"So Superman is inherently positive, and X-Men is inherently negative in their respective messages. That's the basic difference. Not that one is necessarily better or more "right" than the other. Both work in their own way. That's just what the difference is."
This isn't Austen's first foray into the world of Superman. Along with two previous stand alone Superman tales, Austen wrote a Jimmy Olsen centric "Superman: Metropolis" series that makes some wonder if Jimmy will play a large role in "Action." "Jimmy will have a small role, " said Austen. "I've come to really love Jimmy -- and Lena, for that matter. Even Killgrave. But the book is about Superman, so Jimmy isn't a central figure, and isn't around much at all in the first few issues."
Though everyone's favorite young carrot top- besides Archie Andrews- won't be in the series too heavily, expect some other familiar faces to make a splash. "Other cast members include Jack Ryder, and most likely his alter ego the Creeper. Lana Lang plays a big role. Lois, obviously. Grace, Perry's assistant. A few others. A new STAR lab tech who's a lot of fun for me. There are also some great guest stars in the first issues. Some of the Teen Titans, particularly Superboy, who I have to thank Geoff Johns for loaning me. Wonder Woman. Steel. Others. So much fun."
Lana Lang is character who saw some spotlight in recent years, but with her prime role in television's "Smallville," it seemed inevitable her star would rise. That said, the television show didn't dictate Austen's decision to include her and he says, "[The idea] was mine, actually. Or maybe it was Eddie's when I suggested another woman? I think it was actually a mutual thing between he and I. I can't remember for sure, but since the initial reaction was negative, I definitely remember that the idea came from outside the DC front offices [laughs]. So that means Eddie and me being rebellious [laughs]. We'd been discussing something like it since before 'Smallville' became such a hit, and things just fell that way in the TV series, so it became easier to convince DC. But how big a role Lana plays, I'm not saying."
The reaction to Lana Lang's inclusion in "Action Comics" included accusations that Austen was going to cause Superman to cheat on his wife, Lois Lane, with Lana. "People accuse me of a lot of things that have nothing to do with me," laughs Austen. "I'm surprised someone hasn't tried to connect me with Tim McVeigh. But as far as Lana is concerned -- does anyone really think DC would let me get away with that? Well, maybe they would (laughs). Time will tell.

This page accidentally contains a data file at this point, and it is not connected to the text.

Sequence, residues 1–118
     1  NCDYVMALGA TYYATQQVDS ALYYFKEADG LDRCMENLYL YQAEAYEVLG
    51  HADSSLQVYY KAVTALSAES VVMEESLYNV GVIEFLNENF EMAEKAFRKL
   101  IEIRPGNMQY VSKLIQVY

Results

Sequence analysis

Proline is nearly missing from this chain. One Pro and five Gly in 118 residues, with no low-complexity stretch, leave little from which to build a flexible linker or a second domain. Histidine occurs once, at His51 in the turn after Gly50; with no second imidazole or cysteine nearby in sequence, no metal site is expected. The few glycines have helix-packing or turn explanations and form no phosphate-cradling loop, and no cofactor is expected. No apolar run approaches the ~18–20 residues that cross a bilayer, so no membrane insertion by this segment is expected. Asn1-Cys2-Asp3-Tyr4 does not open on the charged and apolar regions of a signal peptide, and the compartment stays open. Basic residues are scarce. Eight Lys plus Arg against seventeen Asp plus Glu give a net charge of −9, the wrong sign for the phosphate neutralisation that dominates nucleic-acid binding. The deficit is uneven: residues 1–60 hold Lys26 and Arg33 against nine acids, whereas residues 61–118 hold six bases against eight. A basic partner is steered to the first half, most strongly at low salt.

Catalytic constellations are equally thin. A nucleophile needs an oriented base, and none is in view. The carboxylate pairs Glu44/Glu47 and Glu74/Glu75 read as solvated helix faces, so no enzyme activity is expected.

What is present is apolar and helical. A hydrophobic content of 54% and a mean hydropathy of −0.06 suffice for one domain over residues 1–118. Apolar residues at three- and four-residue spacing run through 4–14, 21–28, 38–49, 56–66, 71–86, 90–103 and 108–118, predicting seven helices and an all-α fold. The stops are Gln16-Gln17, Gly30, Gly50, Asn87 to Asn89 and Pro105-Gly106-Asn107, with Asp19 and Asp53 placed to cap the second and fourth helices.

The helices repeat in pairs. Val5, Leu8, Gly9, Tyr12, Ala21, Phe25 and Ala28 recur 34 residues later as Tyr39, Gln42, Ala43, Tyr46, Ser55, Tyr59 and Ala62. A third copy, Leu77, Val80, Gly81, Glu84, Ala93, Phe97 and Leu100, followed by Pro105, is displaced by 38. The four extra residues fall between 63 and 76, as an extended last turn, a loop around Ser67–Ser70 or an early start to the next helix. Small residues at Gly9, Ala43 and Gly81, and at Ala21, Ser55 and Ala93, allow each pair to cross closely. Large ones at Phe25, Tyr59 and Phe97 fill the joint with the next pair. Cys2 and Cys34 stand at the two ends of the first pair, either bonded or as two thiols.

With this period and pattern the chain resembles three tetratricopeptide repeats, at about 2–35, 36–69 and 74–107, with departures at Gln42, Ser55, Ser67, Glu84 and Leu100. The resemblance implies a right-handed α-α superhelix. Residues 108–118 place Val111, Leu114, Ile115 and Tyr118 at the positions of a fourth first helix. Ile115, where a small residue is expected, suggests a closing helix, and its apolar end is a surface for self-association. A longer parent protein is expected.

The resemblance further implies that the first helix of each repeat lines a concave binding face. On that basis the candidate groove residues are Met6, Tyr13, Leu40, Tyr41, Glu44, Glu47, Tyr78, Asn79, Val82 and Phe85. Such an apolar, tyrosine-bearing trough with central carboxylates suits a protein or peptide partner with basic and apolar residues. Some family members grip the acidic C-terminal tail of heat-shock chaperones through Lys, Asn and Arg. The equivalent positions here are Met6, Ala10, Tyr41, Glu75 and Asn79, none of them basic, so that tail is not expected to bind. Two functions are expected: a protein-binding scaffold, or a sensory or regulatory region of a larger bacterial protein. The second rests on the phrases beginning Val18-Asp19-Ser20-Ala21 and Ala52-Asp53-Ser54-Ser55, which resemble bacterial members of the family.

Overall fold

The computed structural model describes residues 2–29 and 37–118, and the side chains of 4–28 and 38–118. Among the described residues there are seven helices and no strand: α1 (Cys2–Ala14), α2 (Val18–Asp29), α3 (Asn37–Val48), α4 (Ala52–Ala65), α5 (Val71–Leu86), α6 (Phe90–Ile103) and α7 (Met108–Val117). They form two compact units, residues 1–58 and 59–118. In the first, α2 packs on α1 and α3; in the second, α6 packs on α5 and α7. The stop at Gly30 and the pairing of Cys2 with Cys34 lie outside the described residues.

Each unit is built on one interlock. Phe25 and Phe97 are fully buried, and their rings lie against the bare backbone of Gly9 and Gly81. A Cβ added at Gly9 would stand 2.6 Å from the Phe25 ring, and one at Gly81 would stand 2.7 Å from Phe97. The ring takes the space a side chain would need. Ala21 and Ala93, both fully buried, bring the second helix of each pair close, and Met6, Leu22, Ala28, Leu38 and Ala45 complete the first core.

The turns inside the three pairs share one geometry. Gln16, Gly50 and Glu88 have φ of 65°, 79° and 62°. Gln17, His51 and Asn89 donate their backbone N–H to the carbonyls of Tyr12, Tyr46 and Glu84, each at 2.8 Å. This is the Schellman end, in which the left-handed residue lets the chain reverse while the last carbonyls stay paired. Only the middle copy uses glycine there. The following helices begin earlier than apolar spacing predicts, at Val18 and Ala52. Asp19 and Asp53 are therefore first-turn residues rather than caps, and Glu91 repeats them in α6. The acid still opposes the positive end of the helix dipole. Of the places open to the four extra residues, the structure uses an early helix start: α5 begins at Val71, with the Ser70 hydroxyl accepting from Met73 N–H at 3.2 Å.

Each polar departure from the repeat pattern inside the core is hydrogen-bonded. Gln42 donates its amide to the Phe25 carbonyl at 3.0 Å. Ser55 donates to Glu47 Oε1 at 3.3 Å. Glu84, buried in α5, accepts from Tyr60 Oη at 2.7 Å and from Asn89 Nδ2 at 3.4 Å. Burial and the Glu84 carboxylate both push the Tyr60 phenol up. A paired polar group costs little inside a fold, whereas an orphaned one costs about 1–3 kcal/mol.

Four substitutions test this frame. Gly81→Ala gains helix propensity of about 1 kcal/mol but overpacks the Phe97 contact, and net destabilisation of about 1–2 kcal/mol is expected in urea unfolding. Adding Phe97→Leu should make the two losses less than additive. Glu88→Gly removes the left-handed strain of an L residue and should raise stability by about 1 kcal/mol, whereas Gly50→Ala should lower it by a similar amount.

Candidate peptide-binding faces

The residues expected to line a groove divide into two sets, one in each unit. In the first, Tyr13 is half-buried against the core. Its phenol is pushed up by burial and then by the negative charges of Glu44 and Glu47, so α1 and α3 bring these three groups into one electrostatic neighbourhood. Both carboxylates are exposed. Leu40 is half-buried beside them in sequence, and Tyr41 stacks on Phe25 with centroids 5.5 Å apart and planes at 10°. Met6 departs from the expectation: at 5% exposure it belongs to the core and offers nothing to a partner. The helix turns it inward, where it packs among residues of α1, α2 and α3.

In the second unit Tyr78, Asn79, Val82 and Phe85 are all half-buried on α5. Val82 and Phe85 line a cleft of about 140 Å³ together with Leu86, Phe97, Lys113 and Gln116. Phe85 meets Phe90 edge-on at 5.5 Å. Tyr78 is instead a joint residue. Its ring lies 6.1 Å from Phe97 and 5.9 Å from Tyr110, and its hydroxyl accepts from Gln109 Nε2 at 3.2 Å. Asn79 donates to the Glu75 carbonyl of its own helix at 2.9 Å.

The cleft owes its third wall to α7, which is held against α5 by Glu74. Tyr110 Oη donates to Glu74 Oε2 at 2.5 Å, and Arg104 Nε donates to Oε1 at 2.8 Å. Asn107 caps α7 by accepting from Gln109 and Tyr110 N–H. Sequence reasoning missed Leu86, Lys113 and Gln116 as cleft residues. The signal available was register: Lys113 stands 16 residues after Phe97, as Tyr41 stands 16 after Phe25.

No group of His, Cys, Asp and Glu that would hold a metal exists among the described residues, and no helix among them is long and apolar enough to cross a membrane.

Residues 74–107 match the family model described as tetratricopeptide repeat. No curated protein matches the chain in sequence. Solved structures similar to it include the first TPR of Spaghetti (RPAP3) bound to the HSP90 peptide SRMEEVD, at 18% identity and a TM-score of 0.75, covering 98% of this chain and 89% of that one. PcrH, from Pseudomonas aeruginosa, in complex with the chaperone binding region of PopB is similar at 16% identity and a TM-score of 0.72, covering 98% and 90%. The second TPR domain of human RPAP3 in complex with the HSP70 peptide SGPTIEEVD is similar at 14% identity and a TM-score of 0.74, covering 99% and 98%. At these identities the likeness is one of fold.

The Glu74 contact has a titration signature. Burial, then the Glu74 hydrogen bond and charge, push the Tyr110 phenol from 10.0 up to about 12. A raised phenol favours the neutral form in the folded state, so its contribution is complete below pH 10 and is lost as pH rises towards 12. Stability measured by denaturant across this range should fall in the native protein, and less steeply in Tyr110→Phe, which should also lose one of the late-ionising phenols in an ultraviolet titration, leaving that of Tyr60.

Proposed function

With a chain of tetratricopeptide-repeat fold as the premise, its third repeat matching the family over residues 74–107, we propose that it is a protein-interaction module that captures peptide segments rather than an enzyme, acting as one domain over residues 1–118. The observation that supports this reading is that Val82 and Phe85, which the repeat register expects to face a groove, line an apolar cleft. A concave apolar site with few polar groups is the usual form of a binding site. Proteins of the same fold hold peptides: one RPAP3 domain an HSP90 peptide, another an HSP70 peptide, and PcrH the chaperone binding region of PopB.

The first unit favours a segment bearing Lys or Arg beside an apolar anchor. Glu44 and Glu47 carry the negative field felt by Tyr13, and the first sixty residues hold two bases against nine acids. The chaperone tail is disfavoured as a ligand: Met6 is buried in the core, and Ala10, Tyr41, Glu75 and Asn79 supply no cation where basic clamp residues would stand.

"If you've read the short that precedes my run [found in the February issue of 'Action Comics'], you have a pretty good idea of where I'm going with Lana. She and Clark share a history. They were lovers, they love one another -- Lana on possibly a different level than Clark -- possibly (laughs). And she has feelings for him that are unrequited. She named her son by another man after Clark. For various reasons they went their separate ways, and she now regrets it. Has always regretted it, on some level.
"They grew up together. They went to school together, the prom, were very close. They share a ton of life, and not a few in-jokes. Those ties are not easily broken -- and some would argue they shouldn't be.
"Does that mean an affair? Doubtful. But it does mean a closeness that could cause problems. Or would in my life if an old girlfriend moved in nearby with a son named 'Chuck' [laughs]."
Any magic Austen is creating on "Action Comics" will be done with Ivan Reis, whose work on some previous Superman efforts have blown fans away. Oddly enough, Austen isn't sure how he was so lucky as to end up with Reis, but isn't questioning fate. "Man, I don't know, but I go to sleep on my knees every night thanking whatever God there is in this universe that I got paired with him. He is absolutely nailing this book. I can't imagine doing it without him. He brings a level of sophistication and detail to the pencils that is going to blow -- people -- AWAY. I know a lot of people out there right now are now thinking 'Hype! All Hype!'
"Trust me. Not hype. You will be stunned and amazed. I am, and I thought I knew what to expect [laughs]! I wrote the things [laughs]!"
While Austen has worked with very many popular artists, he finds that Reis brings something very unique to the creative process and to his scripts. "He surprises me by following them really, really closely [laughs]. Really. That's the truth. And whatever he adds makes it so much better. Character, expression, personality, and detail that will fry your eyes. If I ask for it, I get it in the panel -- times ten. I can't believe the work this guy puts in. What an incredible find. He focuses on beautiful composition, detail, and structure, and adjusts whatever mistakes I may have made in storytelling. It works so well. And he gets in these little, charming character bits that I live for. There are some exchanges between Superman, Superboy, Kid Flash and Wonder Girl in the second issue that are among my favorite moments in the series so far.
"Our goal is for me to write as little text as possible over his art, keep the action clean, and flowing smoothly, convincingly, and quickly, and so far, I've been able to pull out a lot of expository dialogue and meaningless text because the information is already there. People may think it reads fast, but it's also fun to read more than once, I think, the visuals make for such an intense story. So I think we've got a nice balance. Right in the drawings. Never seen such amazing work, other than maybe Dave Finch, Sal Larocca, or Tom Derenick when we've worked together. Ivan's reached a new level. Superstar status. Do I see him as the next big thing? If there is any justice in this world!
"Really. Wait until you see it. The two issue Gog slugfest is mind-blowing."
Ready to go back to writing "X-Men" and working on some other top secret projects, Austen has a few parting words for Superman fans. "Try not to worry. I know it's always scary when a new writer takes over a long-lived and beloved character like Superman -- especially when that writer is me [laughs]. But I respect and admire this character tremendously, and want to do well by him. He deserves it. He's the best, and everyone should know that."